The following CRM second story is without doubt one of the more harrowing I have ever heard. It was told to me by my good friend Bill Hopkins who was a pilot for Flight for Life in Denver in 1983. Bill eventually went on to have a rewarding career flying as a captain for Continental Airlines.
His recollection of events still gives me chills. What makes the story so compelling is how close he and the flight nurse flying with him that night had come to nearly losing their lives. Here’s Bill’s story:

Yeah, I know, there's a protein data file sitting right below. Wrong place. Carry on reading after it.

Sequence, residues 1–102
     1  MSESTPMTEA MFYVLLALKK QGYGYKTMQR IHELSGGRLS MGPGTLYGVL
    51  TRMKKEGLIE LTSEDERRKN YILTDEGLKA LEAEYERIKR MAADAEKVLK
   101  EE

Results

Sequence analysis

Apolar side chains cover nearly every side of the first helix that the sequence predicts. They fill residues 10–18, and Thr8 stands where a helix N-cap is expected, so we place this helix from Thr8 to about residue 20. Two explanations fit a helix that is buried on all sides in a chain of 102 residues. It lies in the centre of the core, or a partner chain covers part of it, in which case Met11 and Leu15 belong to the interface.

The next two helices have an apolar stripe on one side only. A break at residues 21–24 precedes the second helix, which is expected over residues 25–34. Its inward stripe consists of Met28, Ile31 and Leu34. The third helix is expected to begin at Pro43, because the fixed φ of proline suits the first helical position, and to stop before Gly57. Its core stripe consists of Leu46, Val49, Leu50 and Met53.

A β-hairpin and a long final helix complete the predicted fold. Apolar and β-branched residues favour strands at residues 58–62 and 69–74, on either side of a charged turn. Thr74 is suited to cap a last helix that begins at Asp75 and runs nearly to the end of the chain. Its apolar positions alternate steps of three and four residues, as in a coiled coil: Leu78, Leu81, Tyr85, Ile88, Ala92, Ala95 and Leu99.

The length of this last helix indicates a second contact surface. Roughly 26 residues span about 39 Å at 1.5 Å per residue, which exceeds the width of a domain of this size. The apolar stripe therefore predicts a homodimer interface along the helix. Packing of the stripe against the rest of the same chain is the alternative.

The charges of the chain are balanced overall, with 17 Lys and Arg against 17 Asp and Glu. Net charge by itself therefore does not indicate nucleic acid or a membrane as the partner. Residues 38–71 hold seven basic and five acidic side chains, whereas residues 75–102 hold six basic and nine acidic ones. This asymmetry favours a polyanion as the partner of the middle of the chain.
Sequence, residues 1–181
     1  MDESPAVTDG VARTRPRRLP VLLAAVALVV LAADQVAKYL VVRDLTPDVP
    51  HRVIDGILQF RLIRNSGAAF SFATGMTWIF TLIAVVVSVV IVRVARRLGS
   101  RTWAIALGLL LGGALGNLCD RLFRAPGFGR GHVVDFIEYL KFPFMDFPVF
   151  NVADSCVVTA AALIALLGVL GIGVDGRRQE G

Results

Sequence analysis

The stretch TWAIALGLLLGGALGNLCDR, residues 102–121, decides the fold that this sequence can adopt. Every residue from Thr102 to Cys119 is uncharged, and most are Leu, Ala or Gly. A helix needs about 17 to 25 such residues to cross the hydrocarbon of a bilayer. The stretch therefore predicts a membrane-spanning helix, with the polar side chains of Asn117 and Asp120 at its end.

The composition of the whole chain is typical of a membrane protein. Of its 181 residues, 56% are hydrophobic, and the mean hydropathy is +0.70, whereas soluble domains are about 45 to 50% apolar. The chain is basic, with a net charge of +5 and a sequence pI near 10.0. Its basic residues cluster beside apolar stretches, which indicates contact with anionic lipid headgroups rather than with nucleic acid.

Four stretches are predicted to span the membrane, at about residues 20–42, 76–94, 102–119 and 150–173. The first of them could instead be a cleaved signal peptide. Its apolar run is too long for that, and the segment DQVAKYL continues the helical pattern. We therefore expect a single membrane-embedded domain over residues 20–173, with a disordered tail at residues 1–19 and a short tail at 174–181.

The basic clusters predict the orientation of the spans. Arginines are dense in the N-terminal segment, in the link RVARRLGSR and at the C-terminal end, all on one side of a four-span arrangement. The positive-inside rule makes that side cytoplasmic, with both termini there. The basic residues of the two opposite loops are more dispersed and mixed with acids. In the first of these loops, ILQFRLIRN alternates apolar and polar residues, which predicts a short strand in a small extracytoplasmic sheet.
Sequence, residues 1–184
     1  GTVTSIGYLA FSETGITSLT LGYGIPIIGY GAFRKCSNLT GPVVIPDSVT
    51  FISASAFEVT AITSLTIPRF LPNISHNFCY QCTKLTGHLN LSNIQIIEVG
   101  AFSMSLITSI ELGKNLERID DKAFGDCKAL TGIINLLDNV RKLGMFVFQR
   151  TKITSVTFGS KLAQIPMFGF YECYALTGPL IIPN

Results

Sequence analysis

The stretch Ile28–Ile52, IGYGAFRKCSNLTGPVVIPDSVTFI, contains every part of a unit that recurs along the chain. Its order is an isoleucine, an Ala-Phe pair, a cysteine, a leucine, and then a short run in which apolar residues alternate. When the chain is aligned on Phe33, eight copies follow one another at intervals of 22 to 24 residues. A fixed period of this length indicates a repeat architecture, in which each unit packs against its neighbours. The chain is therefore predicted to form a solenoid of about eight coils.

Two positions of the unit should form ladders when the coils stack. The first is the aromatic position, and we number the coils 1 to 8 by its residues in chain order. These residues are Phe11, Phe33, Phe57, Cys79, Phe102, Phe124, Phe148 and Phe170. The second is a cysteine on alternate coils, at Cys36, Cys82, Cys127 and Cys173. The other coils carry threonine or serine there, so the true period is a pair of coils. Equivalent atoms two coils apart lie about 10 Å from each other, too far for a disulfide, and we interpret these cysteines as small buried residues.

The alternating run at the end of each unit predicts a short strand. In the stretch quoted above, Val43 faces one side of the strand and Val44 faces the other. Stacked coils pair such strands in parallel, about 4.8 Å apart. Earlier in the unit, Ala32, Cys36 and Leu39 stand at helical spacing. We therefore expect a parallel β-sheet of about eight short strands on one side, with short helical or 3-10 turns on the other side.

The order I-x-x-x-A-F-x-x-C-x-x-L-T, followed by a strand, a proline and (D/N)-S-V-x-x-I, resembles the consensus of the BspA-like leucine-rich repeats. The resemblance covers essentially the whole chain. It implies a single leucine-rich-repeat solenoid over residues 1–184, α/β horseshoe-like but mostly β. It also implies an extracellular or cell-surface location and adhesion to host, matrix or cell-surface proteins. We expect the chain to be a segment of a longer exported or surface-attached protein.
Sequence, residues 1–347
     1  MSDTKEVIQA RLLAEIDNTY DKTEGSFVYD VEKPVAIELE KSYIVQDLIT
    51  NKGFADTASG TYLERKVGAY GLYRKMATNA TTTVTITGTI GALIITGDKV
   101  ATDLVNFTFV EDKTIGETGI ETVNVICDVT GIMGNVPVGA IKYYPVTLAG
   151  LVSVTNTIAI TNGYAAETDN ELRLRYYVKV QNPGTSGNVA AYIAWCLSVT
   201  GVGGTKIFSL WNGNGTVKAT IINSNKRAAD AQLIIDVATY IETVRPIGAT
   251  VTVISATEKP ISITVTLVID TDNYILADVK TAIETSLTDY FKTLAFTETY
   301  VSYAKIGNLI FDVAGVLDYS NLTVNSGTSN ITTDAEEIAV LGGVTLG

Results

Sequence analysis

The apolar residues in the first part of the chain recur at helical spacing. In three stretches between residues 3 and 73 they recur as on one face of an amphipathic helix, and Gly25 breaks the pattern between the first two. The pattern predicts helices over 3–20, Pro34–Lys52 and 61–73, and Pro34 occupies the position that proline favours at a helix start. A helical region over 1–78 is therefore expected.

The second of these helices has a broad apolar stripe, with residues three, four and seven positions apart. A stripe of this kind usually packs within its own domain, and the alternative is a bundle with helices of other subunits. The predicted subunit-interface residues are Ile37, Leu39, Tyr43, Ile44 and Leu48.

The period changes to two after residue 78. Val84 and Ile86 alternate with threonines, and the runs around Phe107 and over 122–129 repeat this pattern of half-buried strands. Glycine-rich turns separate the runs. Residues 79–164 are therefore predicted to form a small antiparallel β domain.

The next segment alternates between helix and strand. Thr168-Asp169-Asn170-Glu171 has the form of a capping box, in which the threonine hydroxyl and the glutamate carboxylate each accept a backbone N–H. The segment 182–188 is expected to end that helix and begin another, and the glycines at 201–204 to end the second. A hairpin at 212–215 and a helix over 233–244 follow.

“Had the flight nurse, Mavis, not been with me to lend a hand to help me control the Alouette III when I had a cyclic hard-over, we would have, without question, died that night,” he told me. “It was February 1983 on a pitch-black, moonless night. We were flying at 13,000 feet over the Colorado Mountains en route to a campground to pick up a patient when suddenly the cyclic had a full right hard-over. With 800 psi of hydraulic pressure fighting against me I was trying with all my strength to try and center the cyclic as we rolled into a steeper and steeper right bank. I wanted to turn off the hydraulics which would have made the emergency more manageable, but I couldn’t release the controls to reach down and twist off the hydraulic knob to do so. I hollered over the intercom to Mavis, ‘Grab the cyclic and help me pull to the left.’ She grabbed the collective instead. I exclaimed, ‘No, no, no, the cylic!’ I told her to put her feet up on the edge of the center console and push with her legs and pull with me on the cyclic, which she did. Now nearing a 90-degree bank on the attitude indicator and descending we managed to bring the helicopter to a wings-level attitude giving me time to reach down to my left and turn off the hydraulic knob. That gave me some semblance of control.